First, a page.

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The Science of Hitting
The Science of Hitting
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Updating My Thoughts on Facebook

Some updates following the company's fourth quarter results.

February 13, 2019 | About:

Facebook (NASDAQ:FB) recently reported fourth-quarter results for fiscal 2018. Revenues in the quarter increased 30% to $16.9 billion, which was quite a bit better than the high single-digit sequential decline management guided for. For the year, revenues increased by 37% to $55.8 billion.

Despite media reports suggesting the contrary, daily active users (DAU's) and monthly active users (MAU's) on Facebook continue to growth, with both metrics up 9% year-over-year (MAU and DAU trends in the U.S. and Canada remained consistent with recent quarters). As noted on the call, 2.7 billion people now use Facebook, Instagram, WhatsApp or Messenger each month and more than 2 billion people use at least one of those services every day. In addition to user growth, the company reported a 19% increase in average revenue per user (ARPU), primarily driven by an increase in ad impressions on Instagram (Stories now has more than 500 million DAU's, up 25% since June 2018).

As I noted in a July article about Facebook, the story changed when the company guided for a significant increase in operating expenses that would result in material margin compression (from Facebook's second-quarter conference call: “Over the next several years, we would anticipate our margins will trend towards the mid-30s”). That played out in the quarter, with operating margins coming in at 46% - down 1,100 basis points from the year ago period. As a result, operating income only increased by 6% in the quarter.

For the year, operating income increased 23%, with EBIT margins declining by 500 basis points to 45%. Adjusted earnings per share (EPS) increased at a comparable rate, coming in for the year at $7.6 per share.

I question whether that EPS figure is actually representative of Facebook’s earnings power. I say that because of the material step up in capital expenditures we’ve seen in the past few years. In 2018, CapEx more than doubled to $13.9 billion. And it looks like this will continue: For 2019, management guided to $18 billion to $20 billion in CapEx, implying nearly 40% growth (by comparison, revenues will probably increase at about half that rate). At the midpoint of guidance, 2019 CapEx will be 4.4x larger than depreciation & amortization expense for 2018. If you assume run rate depreciation & amortization will be roughly $5 billion higher than what Facebook reported in 2018 (which doesn’t seem crazy to me), operating income for 2018 would’ve been 20% lower. This isn’t immaterial. Put another way, Facebook’s free cash flow conversion rate was only 70% in 2018 ($15.4 billion in free cash flow on $22.1 billion in net income). That is well below the average of the previous five years. Based on guidance, I do not expect FCF conversion to improve anytime soon.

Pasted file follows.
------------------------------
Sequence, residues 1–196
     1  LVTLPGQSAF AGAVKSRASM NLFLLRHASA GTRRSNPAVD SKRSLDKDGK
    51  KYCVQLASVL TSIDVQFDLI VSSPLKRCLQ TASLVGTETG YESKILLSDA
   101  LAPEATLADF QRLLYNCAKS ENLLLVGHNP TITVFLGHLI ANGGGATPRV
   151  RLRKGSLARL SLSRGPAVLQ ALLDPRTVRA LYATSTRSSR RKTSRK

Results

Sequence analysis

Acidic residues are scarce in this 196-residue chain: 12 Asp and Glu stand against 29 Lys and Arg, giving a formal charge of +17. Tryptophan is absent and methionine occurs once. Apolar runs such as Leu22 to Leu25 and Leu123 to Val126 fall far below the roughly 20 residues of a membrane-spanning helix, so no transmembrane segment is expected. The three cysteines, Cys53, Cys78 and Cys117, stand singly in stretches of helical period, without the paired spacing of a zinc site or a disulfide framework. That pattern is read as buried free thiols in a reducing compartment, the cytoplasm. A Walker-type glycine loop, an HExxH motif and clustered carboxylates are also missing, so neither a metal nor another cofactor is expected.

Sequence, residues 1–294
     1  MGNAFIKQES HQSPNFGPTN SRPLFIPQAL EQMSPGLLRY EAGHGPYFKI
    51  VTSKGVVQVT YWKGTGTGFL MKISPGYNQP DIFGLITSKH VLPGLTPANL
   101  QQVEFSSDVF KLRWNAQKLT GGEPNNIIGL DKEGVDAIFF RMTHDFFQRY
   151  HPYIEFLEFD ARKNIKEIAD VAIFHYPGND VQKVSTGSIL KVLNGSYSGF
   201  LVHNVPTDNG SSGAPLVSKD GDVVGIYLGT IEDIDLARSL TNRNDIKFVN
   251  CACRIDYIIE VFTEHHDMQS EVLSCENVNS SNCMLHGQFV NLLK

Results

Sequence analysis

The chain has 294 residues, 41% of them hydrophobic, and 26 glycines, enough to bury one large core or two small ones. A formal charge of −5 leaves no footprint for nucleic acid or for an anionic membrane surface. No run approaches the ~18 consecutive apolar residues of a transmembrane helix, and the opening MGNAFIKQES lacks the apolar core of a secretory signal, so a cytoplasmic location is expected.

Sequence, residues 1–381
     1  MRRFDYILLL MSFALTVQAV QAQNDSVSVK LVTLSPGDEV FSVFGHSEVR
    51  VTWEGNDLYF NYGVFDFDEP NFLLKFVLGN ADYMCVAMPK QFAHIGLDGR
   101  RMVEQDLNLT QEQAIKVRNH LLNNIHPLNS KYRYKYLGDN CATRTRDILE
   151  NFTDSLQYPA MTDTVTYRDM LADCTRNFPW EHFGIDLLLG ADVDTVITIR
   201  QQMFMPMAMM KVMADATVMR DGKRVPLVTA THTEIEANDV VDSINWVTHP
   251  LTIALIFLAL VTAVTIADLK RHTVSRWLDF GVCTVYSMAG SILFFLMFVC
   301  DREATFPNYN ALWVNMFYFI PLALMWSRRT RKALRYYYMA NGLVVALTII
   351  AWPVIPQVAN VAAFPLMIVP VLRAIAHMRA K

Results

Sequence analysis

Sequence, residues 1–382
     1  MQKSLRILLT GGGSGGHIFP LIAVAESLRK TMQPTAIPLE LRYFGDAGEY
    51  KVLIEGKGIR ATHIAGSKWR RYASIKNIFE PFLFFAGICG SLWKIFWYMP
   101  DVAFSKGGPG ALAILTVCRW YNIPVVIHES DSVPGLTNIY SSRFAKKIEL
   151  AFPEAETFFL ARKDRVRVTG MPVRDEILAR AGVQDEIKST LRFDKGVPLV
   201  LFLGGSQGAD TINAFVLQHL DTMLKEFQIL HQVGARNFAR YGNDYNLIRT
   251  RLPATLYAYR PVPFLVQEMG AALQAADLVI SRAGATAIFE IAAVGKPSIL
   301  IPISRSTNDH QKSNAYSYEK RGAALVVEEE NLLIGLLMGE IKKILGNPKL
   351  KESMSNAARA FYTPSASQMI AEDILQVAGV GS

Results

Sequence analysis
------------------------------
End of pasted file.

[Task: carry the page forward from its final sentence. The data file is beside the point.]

With that said, Facebook’s astounding financial success puts it in a position where it can afford to foot this investment ramp. In addition, there may even be business opportunities that arise from this investment over time (from its fourth-quarter conference call: “Across all of our platforms and formats, we're investing in AI to make ads more relevant and effective. In Q4, we developed new AI ranking models to help people see ads they're more likely to be interested in … Looking ahead, we see more opportunities to use AI to keep people safe on Facebook and help businesses grow”).

But what has become increasingly clear to me is that this investment is a necessity (at least in management’s eyes). What has also become clear is they're covering a lot of ground. Consider what CEO Mark Zuckerberg said in his opening remarks on the call (bold added for emphasis):

“For the past couple of years, most of our focus and energy has gone into addressing some of the biggest social issues around the future of the Internet, including election integrity, content governance, safety and security, data privacy and digital well-being. And these are all complex issues but we've made real progress. In many of these areas, we believe we built the most advanced systems in the world and, in many cases, more advanced than any other company or government. And in other areas, we have clear road maps now for our work ahead.